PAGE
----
Jonathan Goldstein contributed to this post.
In testimony last week before the Senate Budget Committee, Congressional Budget Office (CBO) Director Douglas Elmendorf laid out his organization’s economic projections for the next two years. His remarks and the accompanying report also examine fiscal policies that could aid both growth and employment in the short term.
In addressing the state of the economy, Elmendorf predicted modest growth ? 1.5 percent for 2011 and 2.5 percent for 2012. Although any growth is somewhat welcome news in the wake of rising fears over a double dip recession and trouble in Europe, these sputtering rates are not nearly sufficient to pull the U.S. out of its slump or bring down the current 9 percent unemployment rate.
Elmendorf has repeatedly made the following point: In order to increase employment and spur significant growth, lawmakers should implement policies to boost the economy in the short-run, while also putting in place a plan to restore fiscal sustainability thereafter. The Bipartisan Policy Center (BPC) agrees with and has extensively outlined both components, but this post will concentrate on the former, as it is the focus of CBO’s latest report.
The list of options that CBO scored is divided between those directly affecting households and those targeted at businesses, with a couple additional policies that fall outside of these two categories. The respective goals are to encourage increased consumer spending and to reduce the incremental costs for businesses to hire additional employees. CBO finds that the effectiveness of the policies listed varies widely ? creating between $0.10 and $1.90 of additional growth per dollar of budgetary cost and from 0-19 full-time equivalent (FTE) employment years per million dollars in budgetary costs. None of these options will be a panacea for the economy, but initiating some of the more effective ones and ideas from various other job-creating proposals (such as the American Jobs Act, the House Republican Jobs Plan, the bipartisan Jobs Council, and many think tank submissions) could have a substantial impact.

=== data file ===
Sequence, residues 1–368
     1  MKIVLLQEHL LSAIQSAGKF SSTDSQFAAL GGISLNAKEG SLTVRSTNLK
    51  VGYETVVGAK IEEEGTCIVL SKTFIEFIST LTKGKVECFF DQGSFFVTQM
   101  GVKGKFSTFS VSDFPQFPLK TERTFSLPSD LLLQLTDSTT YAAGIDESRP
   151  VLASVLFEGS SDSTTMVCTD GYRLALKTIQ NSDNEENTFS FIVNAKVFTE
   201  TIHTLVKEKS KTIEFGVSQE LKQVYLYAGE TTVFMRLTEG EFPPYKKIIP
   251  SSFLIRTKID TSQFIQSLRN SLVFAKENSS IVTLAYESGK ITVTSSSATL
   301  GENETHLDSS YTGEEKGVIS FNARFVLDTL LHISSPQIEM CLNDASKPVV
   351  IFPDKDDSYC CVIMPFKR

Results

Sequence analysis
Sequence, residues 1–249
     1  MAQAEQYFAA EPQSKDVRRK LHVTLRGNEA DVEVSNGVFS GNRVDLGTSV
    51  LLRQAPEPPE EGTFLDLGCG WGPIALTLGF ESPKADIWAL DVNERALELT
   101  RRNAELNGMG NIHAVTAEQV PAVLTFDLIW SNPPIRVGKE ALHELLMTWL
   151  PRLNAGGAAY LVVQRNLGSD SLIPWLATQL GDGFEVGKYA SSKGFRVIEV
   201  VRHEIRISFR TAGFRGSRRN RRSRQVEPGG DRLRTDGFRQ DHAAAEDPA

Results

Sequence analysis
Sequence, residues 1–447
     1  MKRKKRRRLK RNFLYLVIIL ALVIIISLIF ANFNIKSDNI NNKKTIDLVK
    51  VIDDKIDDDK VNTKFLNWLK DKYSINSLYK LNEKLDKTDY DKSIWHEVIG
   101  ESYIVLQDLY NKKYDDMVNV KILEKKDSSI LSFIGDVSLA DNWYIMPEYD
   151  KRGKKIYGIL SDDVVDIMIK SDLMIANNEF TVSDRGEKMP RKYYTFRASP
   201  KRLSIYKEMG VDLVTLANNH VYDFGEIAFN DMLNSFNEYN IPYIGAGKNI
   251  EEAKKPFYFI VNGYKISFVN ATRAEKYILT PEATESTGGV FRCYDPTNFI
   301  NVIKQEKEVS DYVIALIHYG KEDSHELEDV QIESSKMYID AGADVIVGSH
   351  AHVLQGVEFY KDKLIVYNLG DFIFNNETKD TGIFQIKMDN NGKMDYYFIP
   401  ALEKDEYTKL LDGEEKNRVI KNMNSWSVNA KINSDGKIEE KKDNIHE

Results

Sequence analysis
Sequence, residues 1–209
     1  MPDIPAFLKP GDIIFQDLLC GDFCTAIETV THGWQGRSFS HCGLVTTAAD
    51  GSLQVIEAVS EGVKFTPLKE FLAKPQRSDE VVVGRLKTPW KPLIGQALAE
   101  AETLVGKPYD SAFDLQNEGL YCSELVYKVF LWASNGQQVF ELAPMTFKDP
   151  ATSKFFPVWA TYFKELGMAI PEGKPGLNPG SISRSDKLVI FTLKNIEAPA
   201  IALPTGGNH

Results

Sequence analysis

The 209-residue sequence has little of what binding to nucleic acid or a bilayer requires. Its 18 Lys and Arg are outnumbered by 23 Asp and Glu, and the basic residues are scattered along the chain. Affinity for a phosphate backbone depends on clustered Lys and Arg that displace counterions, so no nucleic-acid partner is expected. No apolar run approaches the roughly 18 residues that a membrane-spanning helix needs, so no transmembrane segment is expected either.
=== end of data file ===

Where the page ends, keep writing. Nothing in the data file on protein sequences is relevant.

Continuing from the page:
On the household front, Elmendorf outlined six policies to help individuals deleverage from the recent debt buildup ? a prerequisite for refueling the U.S. economy ? and put more money into the hands of consumers who are likely to spend it. The items range from further extending unemployment benefits to expanding the “patch” on the alternative minimum tax (AMT) that prevents it from hitting middle-class families. CBO also included an employee payroll tax holiday, which was endorsed by BPC’s Debt Reduction Task Force. Although CBO found that some of the other household options produce a bit more bang for the buck, the holiday would be a level of magnitude larger and therefore produce a more substantial economic jolt. Moreover, it is one of few that has received bipartisan support.
CBO estimates particularly strong effects from policies targeted to encourage business hiring. An employer payroll tax holiday, especially one concentrated on firms that increase their payrolls (as BPC proposed recently in its super committee recommendations), is forecasted to provide the biggest boost to job creation and economic growth. This type of fiscal policy gives businesses a strong incentive to increase hiring. CBO projects that a repatriation tax holiday (where corporations can bring back overseas profits at a low tax rate), on the other hand, is a particularly poor catalyst for boosting the economy.
The deadlock in Congress is preventing decisive economic action ? the type of action that is sorely needed. To resolve our debt crisis, we must simultaneously address our jobs crisis.
Both parties want to see stronger economic growth and accelerated job creation, and each has ideas on how to accomplish these goals. While logical action is not always the norm in this town, why wouldn’t a reasonable path forward be to take some ideas from each side that are palatable to the other, and throw the kitchen sink at the current problem? If such a strategy spurs recovery, both parties can then declare victory and each can claim that its ideas were the source of success.